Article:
“...sleep it off,” Jordan finished for her.
“Yep. Let me know if your sister gets to harassing you too much,” she said.
“I don't think she will. Even little sisters have hearts.”
His mother let herself giggle. “Even when he's sick as a dog, little Jordan still gets out a good one. I'll see you later.”
“Right. Tell Dad I wish me and Catherine could be there,” Jordan murmured.
“I will. Be good,” his mother said, before heading toward the door. Jordan heard it slip shut, and he let his eyes do the same. He thought it would be impossible to sleep again for the night, since he had been dead the entire day, but soon his consciousness also slipped away from him, and he lay there in a restless sleep.
His eyes were not his own: they were of someone different, but familiar.
He heard screams all around him. They were the screams of those who knew nothing but the red fields: both fields of poppies and fields of blood. They were the screams of those who were frightened, because they knew they were going to die.
He felt the rifle in his hand, and raised it. Enemy lines were in front of him, and he pulled the trigger without aiming, only hoping to hit.
He heard a specific scream, and he knew he did.
He ran over to check out what he had done. His eyes widened in horror as the gaze of his dead best friend was focused on him. The gaze had locked onto him in his best friend's last moments of life, when the trigger had been pulled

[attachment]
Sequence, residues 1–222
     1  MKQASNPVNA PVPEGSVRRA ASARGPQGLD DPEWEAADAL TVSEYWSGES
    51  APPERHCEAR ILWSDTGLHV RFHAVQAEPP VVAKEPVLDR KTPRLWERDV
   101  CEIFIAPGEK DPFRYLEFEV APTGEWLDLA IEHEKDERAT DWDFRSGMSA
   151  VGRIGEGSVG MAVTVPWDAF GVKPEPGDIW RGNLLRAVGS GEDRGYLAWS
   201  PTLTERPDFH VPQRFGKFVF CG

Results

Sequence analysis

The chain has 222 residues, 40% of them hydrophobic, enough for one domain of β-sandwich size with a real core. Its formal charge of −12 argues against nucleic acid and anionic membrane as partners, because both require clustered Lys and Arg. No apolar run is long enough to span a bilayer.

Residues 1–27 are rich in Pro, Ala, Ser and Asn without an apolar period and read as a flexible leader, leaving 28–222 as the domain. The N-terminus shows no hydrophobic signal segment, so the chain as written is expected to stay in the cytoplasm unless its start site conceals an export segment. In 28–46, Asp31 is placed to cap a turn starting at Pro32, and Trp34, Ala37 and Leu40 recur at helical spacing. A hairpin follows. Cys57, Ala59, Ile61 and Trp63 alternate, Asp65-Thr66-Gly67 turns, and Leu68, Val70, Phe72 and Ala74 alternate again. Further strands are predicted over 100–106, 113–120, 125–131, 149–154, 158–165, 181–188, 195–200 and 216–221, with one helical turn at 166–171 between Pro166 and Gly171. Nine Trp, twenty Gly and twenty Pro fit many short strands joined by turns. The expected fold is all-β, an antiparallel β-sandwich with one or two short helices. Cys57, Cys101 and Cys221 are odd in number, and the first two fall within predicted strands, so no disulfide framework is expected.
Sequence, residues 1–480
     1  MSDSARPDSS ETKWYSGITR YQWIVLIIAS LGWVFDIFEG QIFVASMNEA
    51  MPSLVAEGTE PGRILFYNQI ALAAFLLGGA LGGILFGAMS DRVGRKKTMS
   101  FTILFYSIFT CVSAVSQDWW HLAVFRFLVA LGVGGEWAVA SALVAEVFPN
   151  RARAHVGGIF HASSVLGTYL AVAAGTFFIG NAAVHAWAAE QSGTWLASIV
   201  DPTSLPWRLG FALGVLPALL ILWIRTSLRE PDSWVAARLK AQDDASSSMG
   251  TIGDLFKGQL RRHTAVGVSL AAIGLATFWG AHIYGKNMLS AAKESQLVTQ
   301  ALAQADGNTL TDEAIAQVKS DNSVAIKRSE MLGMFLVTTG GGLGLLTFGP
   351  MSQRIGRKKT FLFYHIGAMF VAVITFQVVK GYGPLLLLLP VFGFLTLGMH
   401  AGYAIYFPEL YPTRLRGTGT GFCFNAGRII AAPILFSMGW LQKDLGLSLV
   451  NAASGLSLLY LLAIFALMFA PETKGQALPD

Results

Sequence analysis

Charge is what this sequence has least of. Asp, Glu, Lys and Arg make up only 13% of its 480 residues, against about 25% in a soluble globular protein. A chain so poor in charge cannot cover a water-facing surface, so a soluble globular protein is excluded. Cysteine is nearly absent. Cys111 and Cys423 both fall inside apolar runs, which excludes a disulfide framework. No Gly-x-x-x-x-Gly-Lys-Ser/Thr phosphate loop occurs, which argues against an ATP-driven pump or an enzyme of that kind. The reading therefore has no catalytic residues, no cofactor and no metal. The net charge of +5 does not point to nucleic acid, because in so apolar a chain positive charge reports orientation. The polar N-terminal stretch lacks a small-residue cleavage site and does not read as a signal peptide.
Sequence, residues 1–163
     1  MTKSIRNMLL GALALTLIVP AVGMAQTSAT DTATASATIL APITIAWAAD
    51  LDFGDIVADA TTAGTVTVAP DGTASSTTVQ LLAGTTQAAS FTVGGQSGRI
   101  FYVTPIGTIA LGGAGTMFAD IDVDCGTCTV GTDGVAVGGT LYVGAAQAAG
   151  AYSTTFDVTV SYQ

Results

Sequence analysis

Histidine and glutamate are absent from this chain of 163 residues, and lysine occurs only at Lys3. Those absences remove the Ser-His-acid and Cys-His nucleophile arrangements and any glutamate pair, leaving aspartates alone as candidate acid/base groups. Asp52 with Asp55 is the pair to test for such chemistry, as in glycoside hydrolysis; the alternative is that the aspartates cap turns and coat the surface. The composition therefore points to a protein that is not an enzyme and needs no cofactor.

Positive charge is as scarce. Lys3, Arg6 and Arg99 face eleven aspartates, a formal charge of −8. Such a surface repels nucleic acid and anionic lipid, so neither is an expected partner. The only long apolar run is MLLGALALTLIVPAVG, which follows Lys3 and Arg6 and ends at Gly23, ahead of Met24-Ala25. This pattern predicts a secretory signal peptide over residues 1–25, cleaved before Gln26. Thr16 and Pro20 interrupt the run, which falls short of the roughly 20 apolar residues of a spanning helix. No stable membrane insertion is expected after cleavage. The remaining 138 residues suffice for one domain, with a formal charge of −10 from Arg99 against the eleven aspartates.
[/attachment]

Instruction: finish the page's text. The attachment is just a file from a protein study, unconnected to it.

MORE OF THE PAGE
He let loose a howl of sorrow, and placed his head against the blood soaked chest of his best friend, beginning to cry.
Jordan awoke with a start, hearing the voice of his sister but not really caring: the only things on his mind being the horrified screams and the wide eyes of... who? Who had he shot again? Why had he shot someone?
“Jordan, are you okay? You were screamin' pretty loud... I could hear you from my room...”
“I-... I'm fine,” Jordan stammered. “Just a bad dream. Don't worry 'bout it sis.”
Catherine looked worried, but seemed to dismiss the incident. Jordan nodded toward her.
“What time is it?”
Catherine got up and looked toward the kitchen, where their clock hung. “Seven thirty on the dot.”